Ideal bladder injury treatment modality unclear

April 10, 2014

There has been a movement favoring noninvasive and minimally invasive approaches for management of urologic trauma cases, but findings from a multi-institutional retrospective study indicate that at least for patients with extraperitoneal bladder injury, evidence-based data are needed to justify that trend.

Iowa City, IA-There has been a movement favoring noninvasive and minimally invasive approaches for management of urologic trauma cases, but findings from a multi-institutional retrospective study indicate that at least for patients with extraperitoneal bladder injury, evidence-based data are needed to justify that trend.

Dr. EricksonTo investigate the idea that open surgical repair for extraperitoneal bladder injury may be underutilized as conservative management becomes more routine, study co-author Bradley A. Erickson, MD, MS, and colleagues compared outcomes of patients managed with these two approaches for a solitary extraperitoneal bladder injury (ie, no bladder neck or intraperitoneal component).

The review, presented at the 2013 American College of Surgeons Clinical Congress in Washington, identified 195 patients treated over a 16-year period at four Level 1 trauma centers located across the United States. Of the 195 patients, 82% had blunt injuries and 18% had penetrating trauma. Initial management was open repair in 35% of cases, including all patients with penetrating injuries, and conservative, with only placement of a Foley catheter, in 65% of patients. However, 20% of patients who were initially managed conservatively were ultimately converted to open repair, including eight patients who underwent open repair because of unmanageable leaks (6% of the total conservative cases).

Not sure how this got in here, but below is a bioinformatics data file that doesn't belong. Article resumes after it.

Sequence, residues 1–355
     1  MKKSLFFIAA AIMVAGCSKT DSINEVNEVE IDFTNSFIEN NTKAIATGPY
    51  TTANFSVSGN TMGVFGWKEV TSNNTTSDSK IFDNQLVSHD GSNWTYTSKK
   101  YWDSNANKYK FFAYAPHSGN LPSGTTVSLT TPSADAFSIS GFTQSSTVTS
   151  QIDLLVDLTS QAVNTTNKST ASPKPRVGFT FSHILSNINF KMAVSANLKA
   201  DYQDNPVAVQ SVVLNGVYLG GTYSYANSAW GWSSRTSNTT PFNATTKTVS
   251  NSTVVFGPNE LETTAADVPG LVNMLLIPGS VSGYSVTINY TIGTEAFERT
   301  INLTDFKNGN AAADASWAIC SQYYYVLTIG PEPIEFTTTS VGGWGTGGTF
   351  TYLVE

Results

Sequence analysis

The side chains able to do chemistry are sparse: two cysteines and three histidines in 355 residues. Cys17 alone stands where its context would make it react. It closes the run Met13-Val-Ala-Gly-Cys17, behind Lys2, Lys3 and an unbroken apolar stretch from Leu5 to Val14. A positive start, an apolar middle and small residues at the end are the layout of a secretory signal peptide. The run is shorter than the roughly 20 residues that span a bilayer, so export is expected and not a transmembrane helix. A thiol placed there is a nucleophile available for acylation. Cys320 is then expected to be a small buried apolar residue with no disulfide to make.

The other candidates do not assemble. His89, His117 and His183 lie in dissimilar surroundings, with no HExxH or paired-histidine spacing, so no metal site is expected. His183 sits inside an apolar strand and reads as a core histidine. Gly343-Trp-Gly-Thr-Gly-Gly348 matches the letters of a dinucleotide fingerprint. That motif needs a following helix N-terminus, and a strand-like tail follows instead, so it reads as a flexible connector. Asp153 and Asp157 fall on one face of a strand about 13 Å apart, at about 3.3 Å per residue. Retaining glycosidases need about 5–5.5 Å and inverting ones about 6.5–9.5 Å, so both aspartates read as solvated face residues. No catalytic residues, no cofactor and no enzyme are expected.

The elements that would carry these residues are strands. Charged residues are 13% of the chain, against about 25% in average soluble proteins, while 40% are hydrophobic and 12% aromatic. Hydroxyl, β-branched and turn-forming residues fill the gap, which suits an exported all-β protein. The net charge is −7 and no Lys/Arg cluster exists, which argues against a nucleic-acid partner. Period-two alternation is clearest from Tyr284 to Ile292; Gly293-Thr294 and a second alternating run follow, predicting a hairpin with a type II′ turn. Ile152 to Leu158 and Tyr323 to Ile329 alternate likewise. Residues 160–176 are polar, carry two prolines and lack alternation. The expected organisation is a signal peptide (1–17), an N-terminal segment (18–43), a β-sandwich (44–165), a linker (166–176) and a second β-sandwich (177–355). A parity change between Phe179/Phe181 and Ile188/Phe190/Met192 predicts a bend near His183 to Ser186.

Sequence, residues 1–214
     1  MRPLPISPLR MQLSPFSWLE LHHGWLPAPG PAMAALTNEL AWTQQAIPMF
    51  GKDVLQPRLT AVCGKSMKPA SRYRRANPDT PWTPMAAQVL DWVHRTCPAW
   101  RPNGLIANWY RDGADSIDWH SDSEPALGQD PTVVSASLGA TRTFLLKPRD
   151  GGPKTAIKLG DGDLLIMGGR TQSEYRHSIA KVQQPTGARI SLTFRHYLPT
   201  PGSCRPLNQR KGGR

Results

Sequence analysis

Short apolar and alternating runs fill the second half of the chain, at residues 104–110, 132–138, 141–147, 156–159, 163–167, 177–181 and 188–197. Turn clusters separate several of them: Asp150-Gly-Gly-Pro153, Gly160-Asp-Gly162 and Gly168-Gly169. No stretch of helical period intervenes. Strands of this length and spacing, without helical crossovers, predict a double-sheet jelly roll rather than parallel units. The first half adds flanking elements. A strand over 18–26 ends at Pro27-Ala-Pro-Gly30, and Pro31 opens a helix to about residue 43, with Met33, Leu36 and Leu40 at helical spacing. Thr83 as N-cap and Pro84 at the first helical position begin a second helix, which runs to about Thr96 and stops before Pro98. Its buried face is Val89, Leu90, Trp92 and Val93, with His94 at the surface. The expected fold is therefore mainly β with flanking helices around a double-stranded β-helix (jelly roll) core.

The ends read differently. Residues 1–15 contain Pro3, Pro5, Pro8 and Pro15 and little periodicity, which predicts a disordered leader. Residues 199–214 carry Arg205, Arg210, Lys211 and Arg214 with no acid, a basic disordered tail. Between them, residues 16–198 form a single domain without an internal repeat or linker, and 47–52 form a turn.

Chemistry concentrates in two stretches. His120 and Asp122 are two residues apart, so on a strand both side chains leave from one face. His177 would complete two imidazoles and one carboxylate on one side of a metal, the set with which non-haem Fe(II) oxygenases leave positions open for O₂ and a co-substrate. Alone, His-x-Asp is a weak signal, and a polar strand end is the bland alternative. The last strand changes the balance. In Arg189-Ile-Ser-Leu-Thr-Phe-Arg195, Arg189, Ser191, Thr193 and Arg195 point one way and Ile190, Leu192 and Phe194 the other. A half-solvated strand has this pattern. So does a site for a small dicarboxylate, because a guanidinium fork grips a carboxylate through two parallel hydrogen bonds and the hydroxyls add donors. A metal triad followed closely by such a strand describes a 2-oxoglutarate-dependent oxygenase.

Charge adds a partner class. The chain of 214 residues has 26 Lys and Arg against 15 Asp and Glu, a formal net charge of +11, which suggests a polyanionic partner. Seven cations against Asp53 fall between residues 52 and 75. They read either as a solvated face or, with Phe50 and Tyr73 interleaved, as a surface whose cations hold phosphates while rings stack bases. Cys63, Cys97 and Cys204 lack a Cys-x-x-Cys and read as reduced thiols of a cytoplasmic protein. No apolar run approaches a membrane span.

Prolonged catheterization (>30 days) for persistent leak, which was analyzed as the primary outcome variable, occurred at a twofold higher rate among patients who had initial conservative management than in the initial open repair group (20.6% vs. 11.6%), although the difference between groups only showed a trend toward statistical significance (p=.11).

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Incidence of major complications, defined as events requiring surgical intervention, was investigated as the secondary outcome and found to be slightly more common in the conservative management group compared with the open repair group (7.9% vs. 7.2%).

“Our study does not provide any definitive answers about what type of extraperitoneal bladder injury needs to be repaired in an open manner and which can be observed,” said Dr. Erickson, assistant professor of urology at the University of Iowa, Iowa City.

“However, we do believe that extraperitoneal bladder injuries should always be addressed with open repair when the patient is already being taken to surgery for comorbid trauma. Outside of those situations, we believe our study highlights the need for a randomized trial comparing open repair and conservative management. Performing such a study would require only a moderate degree of effort.”

Possible selection bias

Dr. Erickson noted that while the findings from the retrospective analysis did not support the investigators’ hypothesis that significant differences would be found favoring open repair over conservative management, selection bias was a confounding factor.

“We could not reliably assess bladder injury severity from our data, but it is likely the patients with the worst injuries underwent open repair while those with more minor injuries received conservative management. And despite this presumed difference in severity, major complication rates were similar between the two groups,” he explained.UT

 

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